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Re: Object.Observe

From: Francois Daoust <fd@w3.org>
Date: Thu, 10 Dec 2015 18:24:20 +0100
To: Ingar Mæhlum Arntzen <ingar.arntzen@gmail.com>, public-webtiming@w3.org
Message-ID: <5669B544.8030103@w3.org>
Hi Ingar,

On 2015-12-10 10:49, Ingar Mæhlum Arntzen wrote:
> Hi Francois and all.
> I'm working with the timing provider interface and the spec currently defines Object.Observe as the mechanism to monitor state changes of the timing provider (i.e. skew, vector).
> This post [1] though indicates that O.O does not have a particularly bright future.
> Do you know anything about this?

Indeed, the proposal seems to have been abandoned. I do not know more than what is written in the post you mention.

However, what is needed for the spec is not Object.observe but rather the possibility that a Web browser can implement something like Object.observe internally to observe updates made to properties of a TimingProvider object. I still do not know whether that is easy or not, and still do not know how it could be described in the spec.

There are possible alternatives if such a mechanism turns out to be impractical, the main difficulty being that user objects cannot inherit from EventTarget, so events cannot be considered directly (although they would be a great fit!).

You mentioned callbacks. If TimingProvider objects are to run in a separate JavaScript realm (as discussed in issue 10), another possibility would be to replace the current TimingProvider interface by a native interface exposed on the global context of the JavaScript realm with appropriate "setSkew" and "setVector" methods. I find the use of methods less simple to grasp and more error-prone, but people might actually object that setting a property to alert the browser that it needs to adjust its clock is counter-intuitive as well.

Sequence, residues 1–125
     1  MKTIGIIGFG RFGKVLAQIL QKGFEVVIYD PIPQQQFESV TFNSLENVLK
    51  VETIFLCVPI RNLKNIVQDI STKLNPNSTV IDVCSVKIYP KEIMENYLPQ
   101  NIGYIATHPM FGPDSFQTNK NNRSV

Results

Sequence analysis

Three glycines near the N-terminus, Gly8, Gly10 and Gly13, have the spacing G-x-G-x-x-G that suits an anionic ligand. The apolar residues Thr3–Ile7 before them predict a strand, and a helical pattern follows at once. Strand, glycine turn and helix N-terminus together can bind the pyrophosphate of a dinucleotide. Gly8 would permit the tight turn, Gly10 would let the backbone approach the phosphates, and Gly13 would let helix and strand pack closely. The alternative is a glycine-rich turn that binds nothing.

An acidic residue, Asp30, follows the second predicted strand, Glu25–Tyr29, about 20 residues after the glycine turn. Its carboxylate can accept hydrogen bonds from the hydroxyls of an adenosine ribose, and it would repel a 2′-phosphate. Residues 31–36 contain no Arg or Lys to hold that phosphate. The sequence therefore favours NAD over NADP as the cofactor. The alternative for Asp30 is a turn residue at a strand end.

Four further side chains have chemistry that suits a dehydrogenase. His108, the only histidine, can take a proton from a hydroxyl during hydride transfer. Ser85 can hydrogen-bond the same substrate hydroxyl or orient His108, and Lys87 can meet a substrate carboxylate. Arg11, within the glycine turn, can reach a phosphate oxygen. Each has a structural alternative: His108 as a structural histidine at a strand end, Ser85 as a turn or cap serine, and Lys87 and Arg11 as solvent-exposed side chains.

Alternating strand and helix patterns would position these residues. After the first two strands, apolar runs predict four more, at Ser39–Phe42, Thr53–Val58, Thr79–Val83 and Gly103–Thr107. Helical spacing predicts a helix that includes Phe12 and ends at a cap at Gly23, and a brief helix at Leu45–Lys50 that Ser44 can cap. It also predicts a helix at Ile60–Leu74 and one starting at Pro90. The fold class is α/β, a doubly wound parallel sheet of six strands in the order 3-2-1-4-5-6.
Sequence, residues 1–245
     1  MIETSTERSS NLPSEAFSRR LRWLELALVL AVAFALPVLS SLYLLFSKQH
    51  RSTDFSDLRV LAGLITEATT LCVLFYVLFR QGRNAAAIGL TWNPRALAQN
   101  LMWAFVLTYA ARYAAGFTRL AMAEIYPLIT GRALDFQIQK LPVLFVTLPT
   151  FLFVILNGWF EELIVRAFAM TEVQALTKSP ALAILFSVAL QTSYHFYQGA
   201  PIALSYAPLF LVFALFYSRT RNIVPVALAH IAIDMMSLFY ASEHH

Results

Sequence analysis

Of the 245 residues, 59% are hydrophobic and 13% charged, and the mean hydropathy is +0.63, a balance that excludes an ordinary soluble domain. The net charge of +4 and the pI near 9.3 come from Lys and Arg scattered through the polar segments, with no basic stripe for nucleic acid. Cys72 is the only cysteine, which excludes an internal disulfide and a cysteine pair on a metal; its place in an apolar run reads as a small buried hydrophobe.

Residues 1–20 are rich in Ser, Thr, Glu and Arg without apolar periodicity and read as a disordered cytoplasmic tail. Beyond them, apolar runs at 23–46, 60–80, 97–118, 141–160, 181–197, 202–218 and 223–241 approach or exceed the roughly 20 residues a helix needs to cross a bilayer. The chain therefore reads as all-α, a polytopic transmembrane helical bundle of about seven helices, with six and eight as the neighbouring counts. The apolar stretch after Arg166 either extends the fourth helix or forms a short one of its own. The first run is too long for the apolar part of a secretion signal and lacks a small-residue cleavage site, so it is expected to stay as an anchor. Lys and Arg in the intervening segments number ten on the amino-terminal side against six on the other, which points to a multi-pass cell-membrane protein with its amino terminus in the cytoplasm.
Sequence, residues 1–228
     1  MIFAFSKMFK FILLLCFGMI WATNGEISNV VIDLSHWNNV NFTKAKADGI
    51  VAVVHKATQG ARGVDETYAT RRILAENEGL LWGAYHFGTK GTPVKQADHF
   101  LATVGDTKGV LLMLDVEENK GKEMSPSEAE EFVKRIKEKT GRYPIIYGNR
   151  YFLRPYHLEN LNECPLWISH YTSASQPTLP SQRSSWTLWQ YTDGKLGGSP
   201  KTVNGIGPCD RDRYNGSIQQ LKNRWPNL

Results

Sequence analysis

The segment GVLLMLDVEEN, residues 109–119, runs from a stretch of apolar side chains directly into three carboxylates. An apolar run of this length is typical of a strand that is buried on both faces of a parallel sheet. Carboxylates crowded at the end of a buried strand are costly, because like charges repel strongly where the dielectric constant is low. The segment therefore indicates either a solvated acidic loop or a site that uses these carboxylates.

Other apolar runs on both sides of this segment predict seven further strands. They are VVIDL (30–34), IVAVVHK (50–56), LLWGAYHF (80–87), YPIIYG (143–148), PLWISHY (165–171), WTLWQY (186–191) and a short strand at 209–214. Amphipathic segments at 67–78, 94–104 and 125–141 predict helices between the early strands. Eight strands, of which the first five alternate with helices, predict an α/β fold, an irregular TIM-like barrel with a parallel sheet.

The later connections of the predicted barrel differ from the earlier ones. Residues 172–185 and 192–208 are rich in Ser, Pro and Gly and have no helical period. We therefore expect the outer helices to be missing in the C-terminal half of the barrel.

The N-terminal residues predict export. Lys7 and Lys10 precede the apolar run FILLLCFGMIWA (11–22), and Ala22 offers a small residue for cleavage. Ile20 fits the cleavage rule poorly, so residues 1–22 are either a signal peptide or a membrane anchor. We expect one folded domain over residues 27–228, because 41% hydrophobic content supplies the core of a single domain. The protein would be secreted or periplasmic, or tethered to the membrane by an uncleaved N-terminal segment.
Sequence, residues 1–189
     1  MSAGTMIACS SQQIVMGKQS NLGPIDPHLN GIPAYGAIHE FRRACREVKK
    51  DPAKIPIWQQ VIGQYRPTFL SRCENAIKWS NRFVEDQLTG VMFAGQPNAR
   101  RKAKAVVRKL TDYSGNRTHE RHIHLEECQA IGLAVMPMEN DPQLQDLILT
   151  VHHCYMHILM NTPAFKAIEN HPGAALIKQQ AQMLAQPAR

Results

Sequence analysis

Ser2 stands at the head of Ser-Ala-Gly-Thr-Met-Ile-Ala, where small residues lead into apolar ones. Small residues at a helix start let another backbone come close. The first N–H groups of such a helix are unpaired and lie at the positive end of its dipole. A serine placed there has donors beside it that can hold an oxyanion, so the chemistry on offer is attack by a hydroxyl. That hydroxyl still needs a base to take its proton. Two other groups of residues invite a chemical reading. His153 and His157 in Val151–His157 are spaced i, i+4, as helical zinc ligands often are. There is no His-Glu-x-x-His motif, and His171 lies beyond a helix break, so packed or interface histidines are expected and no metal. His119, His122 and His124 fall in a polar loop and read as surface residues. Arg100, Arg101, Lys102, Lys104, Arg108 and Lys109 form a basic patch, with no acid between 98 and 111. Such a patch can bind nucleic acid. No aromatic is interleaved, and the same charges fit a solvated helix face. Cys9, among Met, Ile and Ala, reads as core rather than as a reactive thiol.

In other words, the timing provider JS code would load in a separate realm and run code such as:

// Register the function called to process vector updates
timingProvider.registerUpdateCallback(function (vector) {
   // Update logic

// Set new clock skew

// Set new state vector
   position: 4.5,
   velocity: 1.0

// Tell the browser that we're ready

In terms of spec, this should look like the interfaces in WebRTC [2], with WorkerGlobalScope defined in WebWorkers [3]:

interface TimingProviderGlobalScope : WorkerGlobalScope {
   readonly attribute TimingProvider timingProvider;

callback UpdateCallback = void (TimingStateVectorUpdate vector);

interface TimingProvider {
   void registerUpdateCallback(UpdateCallback update);
   void setRange(unrestricted double startPosition, unrestricted double endPosition);
   void setReadyState(TimingObjectState state);
   void setSkew(unrestricted double skew);
   void setVector(TimingStateVectorInit vector);

This probably deserves more thoughts...

> Also, I'm not sure if there was a specific reason why O.O was suggested in the first place.

The goal was to reduce the number of actions that a timing provider needs to achieve to expose the current state vector and the clock skew to a bare minimum. With something like the observe mechanism, the timing provider only has to worry about setting two properties, which it would need to maintain internally in any case. Any other mechanism requires more actions on the part of the timing provider. More actions lead to bugs. Bugs lead to crashes. Crashes lead to suffering! :)

> For the first implementation (where both timing provider and timing object are user objects) I'm thinking that a basic callback mechanism should do. Would you agree?

Right. By definition, you only have access to user objects in JS, so you indeed need to take some liberty with the spec to implement the API! The above discussion on the JavaScript realm would also only make sense in a native implementation.


> [1] http://www.infoq.com/news/2015/11/object-observe-withdrawn
[2] http://w3c.github.io/webrtc-pc/#sec.create-identity-proxy
[3] http://www.w3.org/TR/workers/#the-workerglobalscope-common-interface
Received on Thursday, 10 December 2015 17:24:31 UTC

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